Suggestions for Clients
Massage is not for everyone, check with you doctor before receiving massage.
Ask the therapist questions, such as:
Are you licensed, trained, certified?
What are your rates?
Where are you located?
What is your cancellation policy?
Do you use oil or lotion?
Eat more than one hour before the appointment. Massage on a full stomach is uncomfortable.
Exercise sometime before the appointment. The massage will help relax and soothe your tire muscles after a workout.
Before the Appointment
If the appointment is an outcall/not at your home, map out the directions to their workspace. www.yahoo.com has great map functionality.
Plan to arrive early. Bring a book in case you are too early. This will give you some quiet time and arrive ready to receive the massage service.
If paying with a gift certificate, provide the gift certificate number to the massage therapist.
Bring a bottle of water in case the therapist does not provide you one when leaving. It is important to drink a lot of water after a massage to wash toxins from the body.
During the Appointment
Very important to communicate with you therapist before and during the massage. If anything is painful or uncomfortable immediately tell the therapist. They want to know. The service is about making you feel good.
Tell the therapist about any injuries or places that the therapist should avoid.
If possible, rest or take a walk after a massage to allow some time to adjust to your new relaxed state. I find this helps me get the most out of a massage.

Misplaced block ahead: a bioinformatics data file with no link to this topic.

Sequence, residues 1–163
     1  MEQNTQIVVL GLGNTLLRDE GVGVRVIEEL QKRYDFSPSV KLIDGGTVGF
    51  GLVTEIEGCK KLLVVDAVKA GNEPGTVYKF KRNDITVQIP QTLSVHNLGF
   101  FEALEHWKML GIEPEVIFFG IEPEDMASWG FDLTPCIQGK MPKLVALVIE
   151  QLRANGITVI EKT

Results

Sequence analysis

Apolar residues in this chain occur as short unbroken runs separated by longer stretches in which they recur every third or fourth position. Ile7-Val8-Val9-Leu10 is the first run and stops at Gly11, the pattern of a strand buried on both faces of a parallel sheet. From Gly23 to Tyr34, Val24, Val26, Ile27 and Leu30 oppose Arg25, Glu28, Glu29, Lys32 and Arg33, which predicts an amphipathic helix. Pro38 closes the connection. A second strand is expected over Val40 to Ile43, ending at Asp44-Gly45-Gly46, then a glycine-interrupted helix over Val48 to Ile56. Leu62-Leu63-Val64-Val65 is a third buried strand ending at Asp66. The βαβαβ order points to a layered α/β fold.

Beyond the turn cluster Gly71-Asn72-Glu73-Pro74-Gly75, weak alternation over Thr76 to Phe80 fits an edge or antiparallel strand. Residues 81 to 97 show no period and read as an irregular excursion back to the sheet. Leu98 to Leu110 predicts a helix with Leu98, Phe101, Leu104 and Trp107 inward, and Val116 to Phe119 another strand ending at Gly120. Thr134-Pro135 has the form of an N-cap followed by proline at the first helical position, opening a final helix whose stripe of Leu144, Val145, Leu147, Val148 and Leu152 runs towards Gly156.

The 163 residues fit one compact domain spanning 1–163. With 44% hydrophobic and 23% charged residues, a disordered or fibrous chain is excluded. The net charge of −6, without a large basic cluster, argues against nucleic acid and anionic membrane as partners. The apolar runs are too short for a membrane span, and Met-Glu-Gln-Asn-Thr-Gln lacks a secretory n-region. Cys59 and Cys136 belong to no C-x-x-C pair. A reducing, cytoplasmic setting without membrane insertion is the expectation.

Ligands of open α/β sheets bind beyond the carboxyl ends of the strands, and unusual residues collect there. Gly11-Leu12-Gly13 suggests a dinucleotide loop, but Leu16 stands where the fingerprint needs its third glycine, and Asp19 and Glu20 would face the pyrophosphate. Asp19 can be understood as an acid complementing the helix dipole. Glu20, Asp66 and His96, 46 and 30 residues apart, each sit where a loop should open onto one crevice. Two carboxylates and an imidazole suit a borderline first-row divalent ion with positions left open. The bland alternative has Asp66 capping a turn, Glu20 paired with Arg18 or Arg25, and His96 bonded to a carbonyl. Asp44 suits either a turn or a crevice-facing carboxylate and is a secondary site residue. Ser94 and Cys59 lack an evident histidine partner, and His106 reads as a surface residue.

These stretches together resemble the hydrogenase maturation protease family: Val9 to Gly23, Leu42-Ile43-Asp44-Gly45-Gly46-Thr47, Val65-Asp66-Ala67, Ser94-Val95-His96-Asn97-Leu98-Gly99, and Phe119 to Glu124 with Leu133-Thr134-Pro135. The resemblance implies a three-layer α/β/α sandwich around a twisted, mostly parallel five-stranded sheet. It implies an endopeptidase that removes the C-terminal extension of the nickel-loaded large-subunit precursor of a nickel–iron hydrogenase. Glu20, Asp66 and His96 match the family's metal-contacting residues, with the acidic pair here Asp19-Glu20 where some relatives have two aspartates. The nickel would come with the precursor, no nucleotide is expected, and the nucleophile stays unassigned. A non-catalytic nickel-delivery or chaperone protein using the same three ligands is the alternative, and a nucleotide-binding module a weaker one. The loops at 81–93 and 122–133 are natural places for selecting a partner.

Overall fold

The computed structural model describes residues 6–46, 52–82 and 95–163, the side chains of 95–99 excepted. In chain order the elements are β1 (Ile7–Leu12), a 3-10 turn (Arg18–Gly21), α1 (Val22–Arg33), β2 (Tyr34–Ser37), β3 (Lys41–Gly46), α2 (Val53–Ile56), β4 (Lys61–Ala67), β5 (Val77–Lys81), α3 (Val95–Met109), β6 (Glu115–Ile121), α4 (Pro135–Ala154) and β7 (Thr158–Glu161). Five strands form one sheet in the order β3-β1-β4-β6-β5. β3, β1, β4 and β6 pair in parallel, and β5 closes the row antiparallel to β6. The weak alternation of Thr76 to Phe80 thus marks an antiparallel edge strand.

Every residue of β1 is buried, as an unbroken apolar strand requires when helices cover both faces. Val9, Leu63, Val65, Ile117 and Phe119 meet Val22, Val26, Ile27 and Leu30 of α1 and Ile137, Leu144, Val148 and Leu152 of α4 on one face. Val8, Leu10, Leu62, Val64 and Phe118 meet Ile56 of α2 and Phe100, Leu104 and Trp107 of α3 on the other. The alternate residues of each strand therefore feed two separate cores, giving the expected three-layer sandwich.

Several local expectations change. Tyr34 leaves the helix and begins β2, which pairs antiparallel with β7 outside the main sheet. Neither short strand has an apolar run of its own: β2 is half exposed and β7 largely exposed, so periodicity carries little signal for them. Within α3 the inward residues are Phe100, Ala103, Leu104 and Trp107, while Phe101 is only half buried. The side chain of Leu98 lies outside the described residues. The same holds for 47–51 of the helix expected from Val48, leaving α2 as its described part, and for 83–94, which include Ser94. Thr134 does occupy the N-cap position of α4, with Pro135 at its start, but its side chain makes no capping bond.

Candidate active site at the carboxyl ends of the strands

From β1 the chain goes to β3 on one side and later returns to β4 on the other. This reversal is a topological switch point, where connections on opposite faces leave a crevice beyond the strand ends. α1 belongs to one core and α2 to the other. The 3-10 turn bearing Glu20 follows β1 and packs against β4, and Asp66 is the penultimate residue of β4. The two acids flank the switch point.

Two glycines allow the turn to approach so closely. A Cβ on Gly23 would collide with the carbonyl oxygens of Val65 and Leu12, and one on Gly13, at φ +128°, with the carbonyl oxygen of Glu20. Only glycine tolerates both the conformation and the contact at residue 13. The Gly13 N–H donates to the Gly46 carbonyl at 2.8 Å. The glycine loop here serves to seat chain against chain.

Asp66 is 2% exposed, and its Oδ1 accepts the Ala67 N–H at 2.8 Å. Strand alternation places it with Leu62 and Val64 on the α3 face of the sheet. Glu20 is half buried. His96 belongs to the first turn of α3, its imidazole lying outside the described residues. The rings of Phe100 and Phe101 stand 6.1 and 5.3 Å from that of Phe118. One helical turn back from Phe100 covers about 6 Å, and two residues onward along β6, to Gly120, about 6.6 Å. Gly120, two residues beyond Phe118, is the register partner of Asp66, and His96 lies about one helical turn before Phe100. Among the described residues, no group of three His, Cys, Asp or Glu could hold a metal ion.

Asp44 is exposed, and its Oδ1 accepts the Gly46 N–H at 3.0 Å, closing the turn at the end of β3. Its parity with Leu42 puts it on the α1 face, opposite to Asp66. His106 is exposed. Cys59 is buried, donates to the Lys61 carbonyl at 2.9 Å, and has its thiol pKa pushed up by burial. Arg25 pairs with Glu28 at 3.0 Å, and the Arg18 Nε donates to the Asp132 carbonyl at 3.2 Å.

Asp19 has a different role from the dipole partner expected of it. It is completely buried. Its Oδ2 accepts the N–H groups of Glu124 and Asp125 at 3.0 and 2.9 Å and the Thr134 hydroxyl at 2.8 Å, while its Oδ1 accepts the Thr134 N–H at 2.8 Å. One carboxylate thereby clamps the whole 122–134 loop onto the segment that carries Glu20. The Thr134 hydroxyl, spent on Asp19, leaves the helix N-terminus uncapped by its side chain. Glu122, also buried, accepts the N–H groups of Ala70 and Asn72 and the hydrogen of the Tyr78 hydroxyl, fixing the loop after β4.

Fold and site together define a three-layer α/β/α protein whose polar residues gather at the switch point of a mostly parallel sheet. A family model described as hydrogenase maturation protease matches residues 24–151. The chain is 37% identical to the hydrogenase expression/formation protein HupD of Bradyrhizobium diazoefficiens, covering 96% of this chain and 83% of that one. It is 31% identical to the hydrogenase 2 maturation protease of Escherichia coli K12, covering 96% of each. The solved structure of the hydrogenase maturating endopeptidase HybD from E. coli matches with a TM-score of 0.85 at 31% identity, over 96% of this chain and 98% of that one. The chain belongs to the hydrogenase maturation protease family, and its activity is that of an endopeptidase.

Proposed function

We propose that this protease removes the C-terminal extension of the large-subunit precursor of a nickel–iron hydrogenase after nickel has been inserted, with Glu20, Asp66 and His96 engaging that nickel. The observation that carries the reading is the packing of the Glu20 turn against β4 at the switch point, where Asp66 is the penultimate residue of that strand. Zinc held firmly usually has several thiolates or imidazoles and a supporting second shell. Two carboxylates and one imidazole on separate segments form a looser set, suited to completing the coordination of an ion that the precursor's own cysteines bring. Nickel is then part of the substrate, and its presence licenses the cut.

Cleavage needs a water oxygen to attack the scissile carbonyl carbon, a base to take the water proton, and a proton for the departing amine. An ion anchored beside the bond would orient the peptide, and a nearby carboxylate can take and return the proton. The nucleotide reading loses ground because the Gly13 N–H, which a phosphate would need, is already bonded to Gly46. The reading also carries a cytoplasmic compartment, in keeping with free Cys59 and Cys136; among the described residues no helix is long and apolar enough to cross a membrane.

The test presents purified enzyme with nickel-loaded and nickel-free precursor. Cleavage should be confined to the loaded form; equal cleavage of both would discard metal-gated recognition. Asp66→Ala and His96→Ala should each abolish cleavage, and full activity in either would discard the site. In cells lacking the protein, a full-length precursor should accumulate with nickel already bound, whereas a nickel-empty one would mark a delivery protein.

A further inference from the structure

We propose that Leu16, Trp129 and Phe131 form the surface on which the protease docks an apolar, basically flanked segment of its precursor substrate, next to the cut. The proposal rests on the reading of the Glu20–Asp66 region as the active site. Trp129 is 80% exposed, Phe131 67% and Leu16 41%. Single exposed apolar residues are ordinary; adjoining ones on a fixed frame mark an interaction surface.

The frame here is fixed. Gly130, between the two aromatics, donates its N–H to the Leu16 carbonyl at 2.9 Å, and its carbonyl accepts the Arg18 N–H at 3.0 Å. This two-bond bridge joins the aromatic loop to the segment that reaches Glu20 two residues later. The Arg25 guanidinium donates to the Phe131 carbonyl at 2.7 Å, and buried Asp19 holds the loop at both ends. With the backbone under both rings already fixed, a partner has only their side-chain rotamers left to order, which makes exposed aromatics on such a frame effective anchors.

Here are some useful questions you may want to ask before going to a massage:
Is this type of bodywork done fully clothed?
How much does it cost?
How long are appointments?
Are you willing to do this work at my house?
Do you have a waiting room?
Is this a non-sexual type of massage?
Is this a gentle massage?
What is your cancellation policy?
Do you use scented oil? What type of oil do you use? (Note: some massage such as Feldenkrais do NOT use oil.)
Different types of oils can really affect a massage. If you have sensitivities to smells, be sure to ask for unscented oils or oils that agree with you. Some oils have herbs (lavendar is very common for relaxation). Others are said to have healing properties such as Emu oil. Depending on what works on you, you may request specific types of oils or bring your own.
Here are some tips for during the massage:
If the massage is too light or too hard, ask to have the pressure changed. Some massages are only light (Rosen, Feldenkrais, etc.) but asking is appropriate.
If you are uncomfortable (need heat turned up, less blankets, light moved), say something.
Tell the practitioner where you hurt. This way the massage can focus on where you need it most.
Spending time during the massage being grateful can help one make huge changes.
Often breathing deeply can help you get the most out of a massage. Breathe into every cell of your body.
Combining either aromatherapy or flower essences can enable even more change if so desired.
Here are some tips for after the massage:
Drink lots of water. This helps the body release toxins that you were able to release during the massage.
Plan to take the first 20 minutes after a massage lightly. For example, go on a short walk or sit quietly. This allows the massage to settle into the body.
After many massages, a nice warm bath is very refreshing. (Note: after pranic healing this is NOT recommended.)